Nebraska’s pass-list drama in the late summer of 1986 began with an NCAA investigation into the leasing of a Nissan 300ZX by I-back Doug DuBose and spilled over into other areas.
Husker coach Tom Osborne said the NCAA was really after DuBose “all the time.”
But the fallout included the discontinuation of Nebraska’s Lincoln parents program, announced by Athletic Director Bob Devaney in late July, and an expanded investigation into how Husker football players were providing their game passes to those other than relatives.
The NCAA’s initial concern was that DuBose had been selling access to his passes. That proved not to be the case. In fact, according to Osborne, DuBose hadn’t even used his passes a quarter of the time.
First, however, the Lincoln parents program, which had matched up student-athletes—not just football players—from outside of Lincoln with families in Lincoln, providing them an opportunity for down-time away from the dorms. The NCAA had changed its rules regarding such programs, prohibiting the sharing of meals with and the providing of rides for student-athletes. The Lincoln families also couldn’t allow student-athletes to stay overnight in their homes.
As an example, Mike Hoefler, a senior offensive guard from Norfolk, Nebraska, had stayed with a family for two weeks during the summer of 1983, using its van to drive to and from a summer job. His mom had paid the family for his stay, and he had filled the van with gasoline, twice, as well as washing it. That wasn’t sufficient, according to the NCAA, so he was suspended for one game.
By mid-August of 1986, the DuBose auto-lease investigation was suspended indefinitely. He had suffered a season-ending knee injury, so the matter of his playing that season was moot. Not so for the pass-list investigation, however, which resulted in a penalty requiring the suspension of 60 players.
According to the NCAA those players had identified names on their pass list as relatives when in fact they were not. The investigation included 77 players; 17 were cleared by the NCAA.
A television commentator compared the pass-list investigation to hunting mosquitos with tanks.
The other 60 were subject to suspension, 53 for one game, seven for two. The seven had violated what the NCAA considered its pass-list rule in more than 10 instances.
UNL Chancellor Martin Massengale called the suspensions “unreasonable.” Osborne said the pass-list violations were a matter of ethics rather than a violation of NCAA rules because no money was involved. Plus, according to him, the NCAA had taken a guilty-until-proven innocent approach.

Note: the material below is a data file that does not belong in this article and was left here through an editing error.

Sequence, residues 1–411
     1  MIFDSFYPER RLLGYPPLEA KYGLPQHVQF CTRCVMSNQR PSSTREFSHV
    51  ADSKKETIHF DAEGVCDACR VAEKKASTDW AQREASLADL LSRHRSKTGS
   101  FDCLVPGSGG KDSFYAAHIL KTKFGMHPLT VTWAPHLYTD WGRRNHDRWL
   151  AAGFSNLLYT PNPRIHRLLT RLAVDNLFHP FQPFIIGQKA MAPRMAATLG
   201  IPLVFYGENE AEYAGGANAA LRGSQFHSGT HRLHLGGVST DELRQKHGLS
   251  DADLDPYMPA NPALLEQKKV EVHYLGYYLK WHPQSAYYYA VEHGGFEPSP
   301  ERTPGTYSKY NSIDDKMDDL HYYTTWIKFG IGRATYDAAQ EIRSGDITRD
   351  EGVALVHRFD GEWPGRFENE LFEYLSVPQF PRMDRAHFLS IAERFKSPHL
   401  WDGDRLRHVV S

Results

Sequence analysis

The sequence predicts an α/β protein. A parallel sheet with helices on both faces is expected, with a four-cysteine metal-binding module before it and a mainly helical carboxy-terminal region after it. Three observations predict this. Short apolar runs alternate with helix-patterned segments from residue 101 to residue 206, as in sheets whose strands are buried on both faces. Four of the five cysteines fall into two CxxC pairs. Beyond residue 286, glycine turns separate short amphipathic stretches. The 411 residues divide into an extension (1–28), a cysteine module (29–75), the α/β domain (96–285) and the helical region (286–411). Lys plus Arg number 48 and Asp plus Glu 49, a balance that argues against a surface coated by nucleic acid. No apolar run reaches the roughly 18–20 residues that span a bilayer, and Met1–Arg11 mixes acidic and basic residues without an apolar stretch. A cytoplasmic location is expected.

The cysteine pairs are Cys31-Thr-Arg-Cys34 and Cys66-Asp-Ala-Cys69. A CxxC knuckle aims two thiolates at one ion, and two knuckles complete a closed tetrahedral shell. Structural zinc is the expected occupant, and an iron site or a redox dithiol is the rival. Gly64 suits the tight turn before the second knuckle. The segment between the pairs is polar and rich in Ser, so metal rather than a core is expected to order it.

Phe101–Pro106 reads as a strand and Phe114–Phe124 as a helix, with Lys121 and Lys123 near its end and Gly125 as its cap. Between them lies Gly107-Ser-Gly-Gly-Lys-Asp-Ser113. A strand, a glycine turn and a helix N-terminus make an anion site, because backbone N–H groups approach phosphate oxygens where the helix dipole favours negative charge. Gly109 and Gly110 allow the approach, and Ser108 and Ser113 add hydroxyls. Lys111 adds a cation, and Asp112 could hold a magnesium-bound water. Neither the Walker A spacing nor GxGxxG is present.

He was told, “something about, ‘Well, there are a lot of people who say you’re not all you say you are, that you claim one thing and act another,’” Osborne said.
There was an attitude that Nebraska was finally getting what it deserved. Boston Globe sports columnist Will McDonough compared it to a scandal at Texas Christian in which players had been paid, including Heisman Trophy candidate Kenneth Davis, who was suspended for a season.
Again, no money was involved. Players had simply allowed friends rather than relatives to use the passes.
In any case, the suspensions could be served in one game, with the seven held out another. Or they could be served by 10 players at a time, with those each game selected alphabetically.
Osborne was unwilling to spread out the suspensions, leaving the opener against Florida State at Memorial Stadium. The Seminoles, who opened the previous week with a 24-0 victory against Toledo, were ranked 11th nationally; Nebraska, coming off a 9-3 season, was No. 8.
And if the 60 suspensions were to be served that game, the Huskers would have to forfeit. The first night game in Memorial Stadium history was to be televised nationally by ABC. But without the 60 players, it would be “a joke to put on television,” Osborne said.
Three-quarters of the team’s top-40 players were among those to be suspended, he said. Nebraska would have no quarterbacks or running backs and would have to use freshmen—the Huskers still fielded a freshman-junior varsity team—as well as those slated to redshirt.
As late as the Thursday morning before the game, it appeared Nebraska, which had filed an appeal seeking reinstatement, would forfeit. An Associated Press writer offered these predictions:
- if the appeal led to a stay of the suspensions, Nebraska would win 31-21;
- if 10 Huskers were suspended, Nebraska would win 24-21;
- if all 60 Huskers were suspended, Florida State would win 63-0.
ESPN college football analyst Beano Cook initially thought the pass-list problem involved paying to be on the list. When he found out otherwise, he said the fact it didn’t involve money needed to be emphasized. That hadn’t been the case, however.
[To be continued]
Tom's Time is a regular feature that will take a closer look at the life of Tom Osborne. Nebraska has a storied history in football that dates back to the earliest years of the game, but the tradition to which Husker fans hold Nebraska is mostly a reference to Osborne's 25 years as head coach. And that will always be worth exploring in greater detail. Click here for all of the entries in the series.
Mike is in his 40th year covering Husker athletics, after seven years of community-college teaching. He has written and edited a dozen books, all on Nebraska football except one, a brief history of Husker basketball. He previously wrote for the Lincoln Journal and Star and Huskers Illustrated. He enjoys music, from the Grateful Dead and Jack Johnson to Van Morrison, Bob Wills, Glenn Miller and pretty much anyone else.